In the antenna array 200, each of the micro-strip elements 202-207 can be used as a single element within the multi-element array 200. Alternatively, each of the elements 202-207 can be used as a separate, independently radiating antenna. As known in the art, antenna beams produced by the array 200 can be steered by shifting their phase. For example, in the antenna array 200, beams constructively and/or destructively interfere with one another so as to steer a relatively broad combined beam, or individual beams, in a desired direction.

FIG. 3 is a more detailed illustration of the exemplary micro-strip element 202 shown in FIG. 2. The micro-strip element 202 is capable of operating in two different frequency bands and includes a metallic conducting ground plane 300, which assists in the suppression of antenna pattern back-lobes. A dielectric material substrate 302 is positioned on or near a surface of the conducting ground plane 300 and is usually a few hundred mils thick.

The dielectric substrate layer 302 has a relatively high dielectric constant. In some designs, the dielectric constant is as high 12.8 to 36, and is used to reduce the size of the microstrip antenna for airborne applications where space available for antenna deployment is generally very limited. The high dielectric constant also broadens the antenna beam allowing the antenna to receive signals from various satellites covering a wide range of elevation angles.

Next, the micro-strip element 202 includes a central patch radiator portion 304 positioned on or near a surface of the dielectric substrate 302. The central patch 304 comprises a radiating patch of any planar geometry (e.g., annular, square, elliptical, and rectangular) on one side of the dielectric substrate 302. The patch 302 can be constructed of any suitable conductive material, such as aluminum or copper.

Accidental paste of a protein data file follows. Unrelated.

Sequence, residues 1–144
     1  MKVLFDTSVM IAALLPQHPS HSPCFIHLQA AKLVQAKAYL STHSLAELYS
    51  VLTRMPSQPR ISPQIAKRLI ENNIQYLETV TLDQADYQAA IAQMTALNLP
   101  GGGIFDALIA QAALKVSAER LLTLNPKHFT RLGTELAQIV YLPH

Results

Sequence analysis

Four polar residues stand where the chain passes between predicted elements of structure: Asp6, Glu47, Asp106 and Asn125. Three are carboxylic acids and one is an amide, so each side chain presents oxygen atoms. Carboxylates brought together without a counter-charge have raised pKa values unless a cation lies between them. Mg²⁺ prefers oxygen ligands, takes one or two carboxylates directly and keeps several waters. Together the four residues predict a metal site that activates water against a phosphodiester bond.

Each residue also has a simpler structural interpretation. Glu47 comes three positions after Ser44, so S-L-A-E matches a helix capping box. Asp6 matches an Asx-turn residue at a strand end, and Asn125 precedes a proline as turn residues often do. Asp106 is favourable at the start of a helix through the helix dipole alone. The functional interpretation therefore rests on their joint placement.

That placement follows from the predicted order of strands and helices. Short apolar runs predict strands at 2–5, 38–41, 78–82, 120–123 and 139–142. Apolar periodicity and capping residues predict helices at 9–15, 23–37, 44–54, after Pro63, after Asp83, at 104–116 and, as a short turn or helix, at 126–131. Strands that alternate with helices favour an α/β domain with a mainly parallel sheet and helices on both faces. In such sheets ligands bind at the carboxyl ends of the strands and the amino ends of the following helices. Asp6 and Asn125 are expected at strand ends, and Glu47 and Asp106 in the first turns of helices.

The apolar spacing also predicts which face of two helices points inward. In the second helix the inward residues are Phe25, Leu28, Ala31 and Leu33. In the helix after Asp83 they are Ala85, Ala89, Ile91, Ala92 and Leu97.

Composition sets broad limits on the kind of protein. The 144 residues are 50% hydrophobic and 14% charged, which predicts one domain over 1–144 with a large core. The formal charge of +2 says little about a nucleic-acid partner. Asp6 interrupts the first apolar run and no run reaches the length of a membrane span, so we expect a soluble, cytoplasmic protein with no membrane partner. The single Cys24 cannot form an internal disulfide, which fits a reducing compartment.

The conducting ground plane is positioned on the other side of the dielectric substrate 302. The central patch 304 is fed by two orthogonal probes 308, excited with equal amplitudes but with a relative phase difference of 90 degrees to generate the desired type of circular polarization (CP). A parasitic ring radiation portion 306 surrounds the patch 304 and is fundamental to generating the second frequency band. An exemplary thickness of the central patch 304 can be, from about 1 to 2 mils.

As shown in FIG. 3, there is no direct metal contact between the parasitic ring 306 and the central patch portion 304. Instead of a metallic connection, the parasitic ring 306 is reactively coupled to the central patch 304. There is also no direct metal contact between the parasitic ring 306 and either of the orthogonal probes 308.

The present invention does not strictly require the use of two probes for exciting the central patch portion 304, as shown in FIG. 3. Any suitable number of probes can be used. For example, the patch 304 can be fed by a single probe to generate linear polarization (LP).